Low fruit and vegetable intake kills hundreds of East Africans in their prime and if the trend does not change by 2030, health experts warn, people younger than 40 will go to an early grave.
The WHO and Food Agriculture Organisation estimate 27 per cent of all deaths that occur in the East African region — are attributable to low fruit and vegetable consumption.
“Low fruit and vegetable intake are among the top 10 selected risk factors for mortality,” WHO’s senior expert, Godfrey Xuereb said recently at a workshop on the Promotion of Fruits and Vegetables for Health in Arusha.
Globally, insufficient intake of fruit and vegetables is estimated to cause around 14 per cent of gastro-intestinal cancer deaths, about 11 per cent of anaemic heart disease failures and nine per cent of deaths as a result of stroke.
A recent WHO/FAO expert consultation report on diet, nutrition and prevention of chronic diseases, sets population nutrient goals and recommends intake of a minimum of 0.4 kg of fruits and vegetables per day for the prevention of chronic diseases such as heart diseases cancer, diabetes and obesity.
The report states there is convincing evidence that adequate consumption of fruits and vegetables decreases the risk of obesity, stomach and colorectal cancer and diabetes.
Further, there is convincing evidence that fruit and vegetables lower the risk of cardiovascular diseases.
Mr Xuereb, a WHO technical officer on surveillance and population-based prevention in the Department of Chronic Diseases and Health Promotion says fruits and vegetable consumption in the EAC stands at 38 per cent of the recommended ratio.
WHO and FAO experts recommends 146 kg per capita consumption of fruits and vegetables, but Kenya, Uganda and Tanzania’s consumption stand at 80 kg per capita, equivalent to 38 per cent of the recommended amount.
“The East African populations are not eating nearly enough fruits and vegetables, despite the fact that they are the major producers,” Mr Xuereb explained.
Most people in Kenya consume 0.3kg of fruits and veggies a day per person, 0.1 kg below the recommended dietary guidelines.
WHO report show that Kenya’s fruits and veggies consumption stands at 115kg per capita, equivalent to nearly 79 per cent of the required ratio. Non-communicable diseases are estimated to account for 28 per cent of all deaths in Kenya.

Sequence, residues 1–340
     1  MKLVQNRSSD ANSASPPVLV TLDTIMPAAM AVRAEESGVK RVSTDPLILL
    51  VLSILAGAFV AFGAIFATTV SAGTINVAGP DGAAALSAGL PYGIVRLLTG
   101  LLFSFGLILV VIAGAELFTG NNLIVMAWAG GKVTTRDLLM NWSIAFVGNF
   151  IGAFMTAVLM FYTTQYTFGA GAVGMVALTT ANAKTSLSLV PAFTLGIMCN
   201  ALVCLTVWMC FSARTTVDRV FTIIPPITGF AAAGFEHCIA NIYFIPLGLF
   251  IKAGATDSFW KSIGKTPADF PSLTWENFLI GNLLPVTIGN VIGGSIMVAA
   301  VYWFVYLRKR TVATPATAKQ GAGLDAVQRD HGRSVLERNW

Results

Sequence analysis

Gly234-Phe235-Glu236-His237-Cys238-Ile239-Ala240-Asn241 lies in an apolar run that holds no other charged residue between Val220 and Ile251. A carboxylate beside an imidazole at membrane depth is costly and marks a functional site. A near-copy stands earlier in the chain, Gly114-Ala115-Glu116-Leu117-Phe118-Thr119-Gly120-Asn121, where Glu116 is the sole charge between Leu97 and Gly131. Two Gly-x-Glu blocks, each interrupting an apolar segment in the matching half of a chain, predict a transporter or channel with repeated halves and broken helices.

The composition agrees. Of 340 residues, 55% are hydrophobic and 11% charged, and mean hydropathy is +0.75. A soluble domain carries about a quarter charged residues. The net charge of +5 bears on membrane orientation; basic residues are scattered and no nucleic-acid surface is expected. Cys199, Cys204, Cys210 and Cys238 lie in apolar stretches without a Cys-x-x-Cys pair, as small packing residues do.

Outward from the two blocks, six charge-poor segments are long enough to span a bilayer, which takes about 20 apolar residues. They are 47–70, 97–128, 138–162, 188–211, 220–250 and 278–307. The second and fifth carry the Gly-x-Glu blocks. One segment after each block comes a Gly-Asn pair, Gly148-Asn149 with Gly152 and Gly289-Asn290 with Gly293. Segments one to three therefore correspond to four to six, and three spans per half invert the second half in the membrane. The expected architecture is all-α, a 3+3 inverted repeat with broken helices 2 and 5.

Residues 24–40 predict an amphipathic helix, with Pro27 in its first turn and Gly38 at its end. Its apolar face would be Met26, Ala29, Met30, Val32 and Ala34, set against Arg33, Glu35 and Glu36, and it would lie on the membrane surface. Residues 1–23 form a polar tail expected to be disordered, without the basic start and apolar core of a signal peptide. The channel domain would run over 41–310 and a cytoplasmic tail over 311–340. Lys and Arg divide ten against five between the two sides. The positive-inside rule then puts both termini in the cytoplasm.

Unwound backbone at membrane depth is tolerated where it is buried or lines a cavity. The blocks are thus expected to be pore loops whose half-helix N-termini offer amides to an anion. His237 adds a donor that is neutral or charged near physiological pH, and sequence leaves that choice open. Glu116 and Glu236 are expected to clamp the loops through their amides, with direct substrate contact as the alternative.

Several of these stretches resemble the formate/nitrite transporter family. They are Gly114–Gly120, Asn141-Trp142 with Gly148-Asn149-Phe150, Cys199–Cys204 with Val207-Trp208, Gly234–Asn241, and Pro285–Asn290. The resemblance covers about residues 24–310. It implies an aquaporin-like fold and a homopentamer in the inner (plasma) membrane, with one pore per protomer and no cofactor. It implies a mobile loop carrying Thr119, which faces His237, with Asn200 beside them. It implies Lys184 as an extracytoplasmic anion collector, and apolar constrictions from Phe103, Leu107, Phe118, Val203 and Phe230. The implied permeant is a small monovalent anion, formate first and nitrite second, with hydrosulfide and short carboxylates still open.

Ugandans eat nearly 0.2kg of vegetables and fruits per day per person.
The per capita consumption for Ugandans of 65kg, accounts for around 45 per cent of the 146kg recommended by WHO and FAO.
As a result non-communicable diseases (NCDs) are estimated to account for 25 per cent of all deaths in Uganda.
In Tanzania, Mr Xuereb says, the situation is worse as every Tanzania eat 0.164kg per day or only 60kg per capita consumption.
This is 41 per cent of the recommended consumption.
Tanzania’s Minister for Agriculture, Food Security and Co-operatives, Prof Jumanne Maghembe, said, diets rich in fruits and vegetables lower the risk of many types of cancer, stroke, heart disease, type 2 diabetes and other chronic diseases.
The chairman of the Horticulture Development Council of Tanzania, Felix Mosha, decried the “microwave” revolution that drives a number of people into junk food with deep fried potato chips mixed with scrambled eggs, popularly known as “Chips mayai” becoming a staple, among mostly urban youths and women.
Mr Mosha cited Netherlands where fruit and vegetable intake is much higher, some 8,000 people die annually from its deficiency, while the entire European Union has recorded 26,000 deaths a year.
The Director of Crop Development in the Ministry of Agriculture, Geoffrey Kirenga, said the majority of people go for over a month without eating a single fruit, adding that deaths from fruit and vegetable deficiency could be alarming.
Tanzania Horticulture Association executive director Jacqueline Mkindi says her organisation is working out a sensitisation strategy in a bid to raise the intake of fruits and veggies within the local community.
“We are also preparing a Horticulture Fair in Arusha in the near future where we will be able to promote the regional horticulture potential as well as the local consumption of fruits and veggies,” Ms Mkindi said.
Other findings in the report indicate that only 3 per cent of all fruits and 15 per cent of all vegetables are consumed by people when they go to restaurants.
Horticulture Development Council of Tanzania executive director, Jacqueline Laisser said, “In our case, affordability and accessibility of vegetables and fruits is not an issue, the issue is attitude…for many people, to eat veggies is regarded as poverty. We must change” Ms Laisser noted